Wednesday, November 22, 2006


I've always loved the holidays. To me, it's a joyous time when you get to celebrate with your family. Holidays make people happy, make people merry.

However, as much as I don't want to admit it, the holidays always have an underlying blue streak to them. Thanksgiving and Christmas are like beautiful, cool, 70 degree weather days in which you are having a lovely picnic on the lawn with your favorite people. Every now and again, when you least expect it, a chilly wind will blow by and give you goosebumps. It makes you stop and rub your arms, even if you are laughing and the sun is kissing the top of your head.

I look forward to the preparation of the holidays. I love Christmas movies and songs, decorating the house and buying and wrapping presents. I am giddy over decorating a Christmas tree, and over hanging stockings on the mantle.

But then- there's the stress of traveling. And being fair to both sides of our family, and knowing that right now there's a lot out of our control. It might not be possible to be fair. A nagging sensation in the back of my head reminds me of my aunts and uncles, my friends from Baylor and people like Dr. Willis who gave us so much support. If Christmas lasted a month, it might be possible to reach out to everyone and make them happy. But one of the joys of Christmas and Thanksgiving is it is only 2 days. Any less, and it would be too short. Any more, and it wouldn't mean as much as it does.

I suppose part of it is my own personality. I do get very excited about any sort of holiday, and love to celebrate it. I was even giddy over the Thanksgiving party at work, and asked some women if they were excited. They glared and rolled their eyes at me. "Why should we be?" they asked. "We do this every year." It as as though an elephant sat on my chest. I felt hurt and disappointed. I may be an annoyance waving my Christmas movies about and demanding to watch them, but at least I care. At least I don't view Christmas as an opportunity to drink beer and watch football.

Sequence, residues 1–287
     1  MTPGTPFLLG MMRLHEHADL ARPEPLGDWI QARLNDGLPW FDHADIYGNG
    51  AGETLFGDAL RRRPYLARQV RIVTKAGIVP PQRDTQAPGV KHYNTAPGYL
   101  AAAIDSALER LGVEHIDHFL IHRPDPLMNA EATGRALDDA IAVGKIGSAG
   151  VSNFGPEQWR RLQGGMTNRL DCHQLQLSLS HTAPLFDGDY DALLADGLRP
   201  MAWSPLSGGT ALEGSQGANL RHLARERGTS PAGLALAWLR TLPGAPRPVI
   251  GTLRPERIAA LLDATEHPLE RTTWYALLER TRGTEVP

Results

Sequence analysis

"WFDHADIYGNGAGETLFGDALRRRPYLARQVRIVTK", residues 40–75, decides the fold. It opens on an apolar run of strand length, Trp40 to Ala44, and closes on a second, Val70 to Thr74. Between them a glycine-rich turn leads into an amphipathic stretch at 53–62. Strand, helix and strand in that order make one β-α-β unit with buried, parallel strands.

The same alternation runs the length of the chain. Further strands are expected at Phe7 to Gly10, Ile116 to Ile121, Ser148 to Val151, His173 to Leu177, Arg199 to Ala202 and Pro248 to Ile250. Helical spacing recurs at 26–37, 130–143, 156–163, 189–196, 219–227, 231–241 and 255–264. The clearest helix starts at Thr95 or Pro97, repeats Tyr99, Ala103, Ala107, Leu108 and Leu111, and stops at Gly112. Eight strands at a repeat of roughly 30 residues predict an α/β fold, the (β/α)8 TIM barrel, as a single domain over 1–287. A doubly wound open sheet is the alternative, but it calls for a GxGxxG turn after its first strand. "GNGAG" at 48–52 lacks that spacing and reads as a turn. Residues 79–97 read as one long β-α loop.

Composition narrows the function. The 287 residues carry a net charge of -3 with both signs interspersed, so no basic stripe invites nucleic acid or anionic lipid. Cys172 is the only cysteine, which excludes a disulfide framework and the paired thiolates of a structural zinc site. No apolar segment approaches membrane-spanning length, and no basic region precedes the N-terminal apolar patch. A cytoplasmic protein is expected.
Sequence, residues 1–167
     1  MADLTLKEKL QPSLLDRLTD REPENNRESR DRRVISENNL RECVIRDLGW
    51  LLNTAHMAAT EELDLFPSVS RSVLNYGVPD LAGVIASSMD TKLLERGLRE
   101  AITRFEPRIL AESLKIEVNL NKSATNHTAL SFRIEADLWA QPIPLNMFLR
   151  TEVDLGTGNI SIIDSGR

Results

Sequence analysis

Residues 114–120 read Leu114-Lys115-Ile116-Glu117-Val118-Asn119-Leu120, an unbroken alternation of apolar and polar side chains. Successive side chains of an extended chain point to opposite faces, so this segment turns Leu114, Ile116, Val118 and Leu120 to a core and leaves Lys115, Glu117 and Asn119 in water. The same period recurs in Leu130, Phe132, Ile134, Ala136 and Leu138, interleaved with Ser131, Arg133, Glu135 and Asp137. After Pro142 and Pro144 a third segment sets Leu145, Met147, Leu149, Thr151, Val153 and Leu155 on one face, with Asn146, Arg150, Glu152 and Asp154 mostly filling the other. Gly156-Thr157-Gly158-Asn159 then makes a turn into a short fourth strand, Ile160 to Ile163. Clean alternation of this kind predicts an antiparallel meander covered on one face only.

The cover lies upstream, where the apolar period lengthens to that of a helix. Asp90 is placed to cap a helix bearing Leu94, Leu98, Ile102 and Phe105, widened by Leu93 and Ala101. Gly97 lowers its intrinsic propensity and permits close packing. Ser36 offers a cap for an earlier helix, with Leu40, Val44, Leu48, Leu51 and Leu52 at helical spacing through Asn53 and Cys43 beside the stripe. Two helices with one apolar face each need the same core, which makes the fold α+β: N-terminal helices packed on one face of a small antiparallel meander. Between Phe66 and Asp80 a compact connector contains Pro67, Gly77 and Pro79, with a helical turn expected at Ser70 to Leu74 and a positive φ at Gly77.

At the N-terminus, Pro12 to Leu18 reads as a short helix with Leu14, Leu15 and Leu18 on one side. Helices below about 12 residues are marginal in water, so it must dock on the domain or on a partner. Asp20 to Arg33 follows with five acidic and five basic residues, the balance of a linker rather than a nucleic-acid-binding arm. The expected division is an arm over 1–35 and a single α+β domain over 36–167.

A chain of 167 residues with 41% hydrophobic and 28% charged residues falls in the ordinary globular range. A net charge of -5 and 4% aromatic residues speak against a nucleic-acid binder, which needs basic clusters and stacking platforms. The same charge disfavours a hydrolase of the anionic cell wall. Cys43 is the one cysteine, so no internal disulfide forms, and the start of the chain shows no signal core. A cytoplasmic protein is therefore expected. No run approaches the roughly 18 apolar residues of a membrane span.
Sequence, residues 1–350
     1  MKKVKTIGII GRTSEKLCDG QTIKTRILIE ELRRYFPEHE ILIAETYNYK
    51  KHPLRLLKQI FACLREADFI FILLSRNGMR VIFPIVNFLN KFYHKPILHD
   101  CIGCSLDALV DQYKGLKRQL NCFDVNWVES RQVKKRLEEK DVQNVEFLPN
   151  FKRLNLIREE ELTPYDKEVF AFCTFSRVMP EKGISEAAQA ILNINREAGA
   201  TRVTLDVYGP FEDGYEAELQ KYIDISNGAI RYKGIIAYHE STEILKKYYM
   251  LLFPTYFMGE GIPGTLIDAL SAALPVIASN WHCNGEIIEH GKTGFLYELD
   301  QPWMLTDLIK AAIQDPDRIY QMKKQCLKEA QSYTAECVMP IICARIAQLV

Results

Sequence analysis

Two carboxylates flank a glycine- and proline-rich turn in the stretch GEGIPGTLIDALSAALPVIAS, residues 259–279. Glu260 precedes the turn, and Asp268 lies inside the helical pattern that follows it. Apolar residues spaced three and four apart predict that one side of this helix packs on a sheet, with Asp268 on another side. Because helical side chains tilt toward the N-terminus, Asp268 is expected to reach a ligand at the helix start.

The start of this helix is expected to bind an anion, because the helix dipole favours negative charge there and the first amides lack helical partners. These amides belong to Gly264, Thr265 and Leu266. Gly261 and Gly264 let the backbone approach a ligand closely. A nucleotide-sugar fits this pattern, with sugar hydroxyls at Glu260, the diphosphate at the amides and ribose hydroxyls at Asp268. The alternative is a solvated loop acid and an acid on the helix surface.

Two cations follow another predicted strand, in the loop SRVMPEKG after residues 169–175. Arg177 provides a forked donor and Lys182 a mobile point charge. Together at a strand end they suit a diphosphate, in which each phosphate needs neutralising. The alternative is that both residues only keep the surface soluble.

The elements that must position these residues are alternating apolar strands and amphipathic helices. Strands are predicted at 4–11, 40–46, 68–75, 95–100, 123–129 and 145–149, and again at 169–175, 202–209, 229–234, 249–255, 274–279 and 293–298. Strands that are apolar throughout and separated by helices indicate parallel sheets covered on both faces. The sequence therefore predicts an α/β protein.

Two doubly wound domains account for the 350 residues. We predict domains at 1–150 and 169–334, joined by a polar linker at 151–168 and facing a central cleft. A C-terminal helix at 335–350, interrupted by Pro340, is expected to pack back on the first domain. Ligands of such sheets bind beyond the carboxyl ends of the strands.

The whole premise behind Thanksgiving and Christmas is to be joyful and grateful. We are told to cherish what we really love and what we really care for. Too many people are jaded and bitter, including now. Whatever happened to Santa Claus? Just try to imagine, for one second, that snow could burst from the sky any minute. Dream that you will find a way to visit all your family and take long walks with deep conversation.

Bring the magic back. Holidays are wonderful because they hold this enchantment. Things happen on holidays that don't happen in every day life. For a month, we're able to celebrate this event, whether for religious or cultural reasons. Suddenly, things begin to twinkle and sparkle. The air becomes cooler and shops begin to bustle. Everyone is full of cheer and merriment as they scurry about. Now, people look at holidays as an inconvienance. They have to stop work, stress to buy presents and decorate with huge sighs of disgust. Bring the magic back!

Bring back the joy, bring back the wonderment! Bring back giving just to give, without trying to get a tax write-off. Bring back the wonderment you had as a child, the whimsy of a holiday. Imagine that an elf might pop around the corner, or take an impulsive trip to see your mother across the country so you're there Christmas morning. Throw logic and worry to the wind! If logic and worry dictate your life, what kind of life is that? A life without magic and wonder is no life at all. It's just......there.

So bring back the magic. Enjoy your holidays. Even though I wish we could see my husband's family, I know we will be holding them in our hearts. And that is what will make me enjoy mine.